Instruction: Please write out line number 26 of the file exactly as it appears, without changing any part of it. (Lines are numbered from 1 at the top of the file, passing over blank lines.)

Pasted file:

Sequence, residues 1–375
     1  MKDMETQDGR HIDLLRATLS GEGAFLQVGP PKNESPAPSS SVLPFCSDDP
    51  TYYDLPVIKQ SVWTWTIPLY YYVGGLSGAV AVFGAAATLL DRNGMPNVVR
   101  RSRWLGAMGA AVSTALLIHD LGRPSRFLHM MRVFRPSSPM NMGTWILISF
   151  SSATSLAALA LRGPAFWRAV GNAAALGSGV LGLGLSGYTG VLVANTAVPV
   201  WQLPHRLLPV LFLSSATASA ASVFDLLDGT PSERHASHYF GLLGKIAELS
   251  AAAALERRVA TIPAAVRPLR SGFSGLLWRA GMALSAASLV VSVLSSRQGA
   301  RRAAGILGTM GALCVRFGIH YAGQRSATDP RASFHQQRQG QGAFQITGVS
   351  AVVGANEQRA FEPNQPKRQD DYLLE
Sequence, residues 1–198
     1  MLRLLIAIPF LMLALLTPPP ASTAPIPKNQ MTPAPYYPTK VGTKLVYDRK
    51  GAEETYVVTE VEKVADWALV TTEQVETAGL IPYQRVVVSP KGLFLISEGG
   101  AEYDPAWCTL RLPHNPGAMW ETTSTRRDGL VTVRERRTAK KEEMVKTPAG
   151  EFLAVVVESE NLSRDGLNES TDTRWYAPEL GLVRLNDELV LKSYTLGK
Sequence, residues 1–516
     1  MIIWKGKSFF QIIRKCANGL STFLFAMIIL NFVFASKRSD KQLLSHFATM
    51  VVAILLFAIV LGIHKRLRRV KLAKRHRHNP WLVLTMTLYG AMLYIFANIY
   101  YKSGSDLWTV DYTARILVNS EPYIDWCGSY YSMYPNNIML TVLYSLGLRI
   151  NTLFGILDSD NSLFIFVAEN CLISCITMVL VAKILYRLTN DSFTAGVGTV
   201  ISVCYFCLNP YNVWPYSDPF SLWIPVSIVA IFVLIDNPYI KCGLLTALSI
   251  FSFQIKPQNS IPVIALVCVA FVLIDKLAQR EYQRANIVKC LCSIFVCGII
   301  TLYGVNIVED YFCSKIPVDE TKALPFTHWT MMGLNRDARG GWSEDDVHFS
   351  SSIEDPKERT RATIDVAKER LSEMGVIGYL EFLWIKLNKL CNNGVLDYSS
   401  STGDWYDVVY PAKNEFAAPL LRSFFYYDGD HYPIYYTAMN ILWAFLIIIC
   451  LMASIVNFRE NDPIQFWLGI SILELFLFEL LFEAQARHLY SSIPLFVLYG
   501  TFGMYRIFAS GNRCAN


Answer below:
   501  TFGMYRIFAS GNRCAN